UPS workers eager to get back to work

August 19, 1997



Staff Writers

After more than a decade of working for United Parcel Service, delivery driver Doug Stone said he wasn't surprised when his union went on strike earlier this month.

"You could hear the saber rattling for a couple months," said Stone, 35, who works out of the Hagerstown UPS center on Oak Ridge Drive.

The Teamsters - who represent nearly two-thirds of the 302,000 UPS employees in the United States - went on strike Aug. 4, four days after their contract expired.


Stone said his family of five hasn't really suffered financially without his paycheck, because his wife, Theresa, has a job, and they had saved money in anticipation of a strike.

Stone said he has been more concerned about the damage the strike has caused the company and how it will affect his and others' jobs.

"My biggest concern is getting work back from our competitors," he said.

In the wake of an announcement that UPS and the Teamsters reached an agreement to end the strike, Stone and other area UPS workers said Tuesday that they're anxious to go back to work. They know they'll face a battle to win back business and goodwill lost during the strike, they said.

The two sides agreed late Monday night to a five-year deal that includes the creation of 10,000 new full-time jobs from existing part-time positions, a raise for full-time workers and an agreement to keep a multi-employer pension plan.

The union's 50-member national bargaining committee officials from more than 200 Teamsters locals unanimously endorsed the contract Tuesday night, sending it to members for a vote and authorizing a return to work.

UPS said it expected workers to begin returning to their jobs Tuesday night and planned to make all of its pre-strike services available to customers on Wednesday.

But UPS officials warned Tuesday of a possible 15,000 layoffs as the company struggles to rebuild business lost in a strike that idled 185,000 workers.

Only two strikers were stationed outside the Hagerstown UPS center on Tuesday afternoon.

They said others scheduled to come out Tuesday mistakenly thought the picket line had been disbanded when the agreement was reached.

From the little she had heard Tuesday morning, UPS worker Judy Reese said she thinks she'll support the agreement.

It appears to benefit part-timers and to allow the union to retain control of pensions, Reese said in a telephone interview.

A full-time driver at the Hagerstown center, Reese said she's anxious to get back to work.

"The sooner the better so we can get out to our customers, get those deliveries done," said Reese.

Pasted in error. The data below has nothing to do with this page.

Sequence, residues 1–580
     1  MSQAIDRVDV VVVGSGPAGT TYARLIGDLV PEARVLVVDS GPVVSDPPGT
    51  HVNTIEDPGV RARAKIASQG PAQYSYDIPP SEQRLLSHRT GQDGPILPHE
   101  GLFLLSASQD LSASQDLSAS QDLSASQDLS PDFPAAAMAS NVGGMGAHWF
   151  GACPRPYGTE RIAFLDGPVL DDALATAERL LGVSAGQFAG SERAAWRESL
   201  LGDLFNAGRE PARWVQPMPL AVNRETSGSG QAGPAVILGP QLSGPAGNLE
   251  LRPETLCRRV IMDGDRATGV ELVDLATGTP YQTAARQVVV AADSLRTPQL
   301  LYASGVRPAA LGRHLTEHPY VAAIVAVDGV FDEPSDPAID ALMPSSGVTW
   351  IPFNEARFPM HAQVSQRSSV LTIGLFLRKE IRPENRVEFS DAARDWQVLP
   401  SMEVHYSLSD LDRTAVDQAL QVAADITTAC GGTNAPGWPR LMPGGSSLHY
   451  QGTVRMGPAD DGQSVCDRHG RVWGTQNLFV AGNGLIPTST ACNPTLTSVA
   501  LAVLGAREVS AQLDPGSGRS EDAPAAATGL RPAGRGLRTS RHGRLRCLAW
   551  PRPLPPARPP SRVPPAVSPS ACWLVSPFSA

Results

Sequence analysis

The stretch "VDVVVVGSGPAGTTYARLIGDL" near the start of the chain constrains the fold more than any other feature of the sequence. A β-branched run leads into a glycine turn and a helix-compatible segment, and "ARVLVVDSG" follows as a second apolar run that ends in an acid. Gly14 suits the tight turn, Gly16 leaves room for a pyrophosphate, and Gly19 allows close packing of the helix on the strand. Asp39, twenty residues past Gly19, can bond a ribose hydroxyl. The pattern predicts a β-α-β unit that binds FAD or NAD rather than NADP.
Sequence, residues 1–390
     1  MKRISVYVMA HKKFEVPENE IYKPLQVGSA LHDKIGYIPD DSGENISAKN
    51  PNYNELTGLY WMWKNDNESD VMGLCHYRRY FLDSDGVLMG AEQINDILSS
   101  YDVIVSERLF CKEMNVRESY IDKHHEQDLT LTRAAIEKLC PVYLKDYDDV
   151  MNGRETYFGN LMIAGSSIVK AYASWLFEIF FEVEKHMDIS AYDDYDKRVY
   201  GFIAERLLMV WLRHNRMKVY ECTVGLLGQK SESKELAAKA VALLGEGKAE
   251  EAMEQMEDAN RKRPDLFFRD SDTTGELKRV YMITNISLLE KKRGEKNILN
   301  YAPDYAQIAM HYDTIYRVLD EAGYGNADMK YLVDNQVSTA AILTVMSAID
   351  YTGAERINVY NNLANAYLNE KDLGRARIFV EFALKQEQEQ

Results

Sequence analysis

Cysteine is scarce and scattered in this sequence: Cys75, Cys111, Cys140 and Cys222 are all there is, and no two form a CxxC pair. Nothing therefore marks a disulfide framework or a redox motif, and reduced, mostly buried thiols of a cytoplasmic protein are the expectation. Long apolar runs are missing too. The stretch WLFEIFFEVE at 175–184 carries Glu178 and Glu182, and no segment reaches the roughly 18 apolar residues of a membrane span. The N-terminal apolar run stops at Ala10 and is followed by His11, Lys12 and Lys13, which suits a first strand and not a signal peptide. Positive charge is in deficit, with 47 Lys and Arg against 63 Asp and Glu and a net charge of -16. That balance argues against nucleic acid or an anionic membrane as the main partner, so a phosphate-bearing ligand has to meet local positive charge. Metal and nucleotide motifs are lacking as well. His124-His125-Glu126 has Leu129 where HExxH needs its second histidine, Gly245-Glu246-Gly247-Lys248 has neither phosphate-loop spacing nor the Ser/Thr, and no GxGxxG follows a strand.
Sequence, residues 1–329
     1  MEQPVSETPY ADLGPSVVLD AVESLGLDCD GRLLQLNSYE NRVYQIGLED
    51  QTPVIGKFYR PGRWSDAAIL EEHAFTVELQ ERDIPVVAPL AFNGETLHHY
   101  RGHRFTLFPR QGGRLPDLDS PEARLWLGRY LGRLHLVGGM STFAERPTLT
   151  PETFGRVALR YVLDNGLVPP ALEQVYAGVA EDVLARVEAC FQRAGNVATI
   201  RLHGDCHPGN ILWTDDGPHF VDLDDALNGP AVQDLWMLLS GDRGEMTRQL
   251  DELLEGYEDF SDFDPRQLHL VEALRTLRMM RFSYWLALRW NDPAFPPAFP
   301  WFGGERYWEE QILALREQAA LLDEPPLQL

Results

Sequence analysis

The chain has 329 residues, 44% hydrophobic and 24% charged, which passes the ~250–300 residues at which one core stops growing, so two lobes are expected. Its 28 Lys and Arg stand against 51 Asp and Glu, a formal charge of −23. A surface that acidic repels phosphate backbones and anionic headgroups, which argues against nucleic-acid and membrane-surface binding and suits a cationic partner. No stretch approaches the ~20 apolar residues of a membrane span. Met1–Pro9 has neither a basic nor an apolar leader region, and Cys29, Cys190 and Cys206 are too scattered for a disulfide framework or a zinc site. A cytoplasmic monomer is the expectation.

Doug Stone said he's worried he and other full-time workers could be dropped down to part-time until the work load builds back up.

All the negative publicity during the strike will make it difficult to face customers, many of whom seem to have the wrong idea of what strikers were trying to achieve, Stone said.

"I think the drivers have been portrayed as greedy and money-hungry," he said. "We weren't out for money, it was for pensions."

Two United Parcel Service workers were picketing the Chambersburg center on Industrial Drive Tuesday afternoon, a stark contrast to Monday morning's scene when 25 workers crossed the picket line formed by nearly 40 strikers to report to work.

"We're extremely happy we've reached an agreement," said center Manager Mark Johnson.

The workers who crossed the picket line Monday did it as a way to protest against the Teamsters union because it would not let them vote on a contract, Johnson said.

With the news that UPS and the Teamsters union had reached a tentative agreement, they chose not to report to work on Tuesday, he said.

UPS managers in Chambersburg made some package deliveries and pickups on Tuesday, filling in for regular workers as they have been since the strike started Aug. 4.

"I think this agreement is a lot better than the last and final proposal UPS made. I feel like I got more out of it. I think everyone got more out of it," said Gene Brown, one of two picketers at the Chambersburg center.

For Brown, who's worked as a full-time delivery driver for almost 20 years, the issue came down to his pension.

"The ones that deserve it got it," he said.

As a part-time pre-loader, Derek Stevens said he'll be included in the pension plan, get better pay and the chance to work full time under the new agreement.

It was possible that strikers would return to work this morning and Johnson said the Chambersburg center already has operating plans in place.

The center was inundated with phone calls Tuesday from customers who have a backlog of packages to be picked up, Johnson said.

But they shouldn't expect UPS to be back on track with service guarantees for at least several days, he said.

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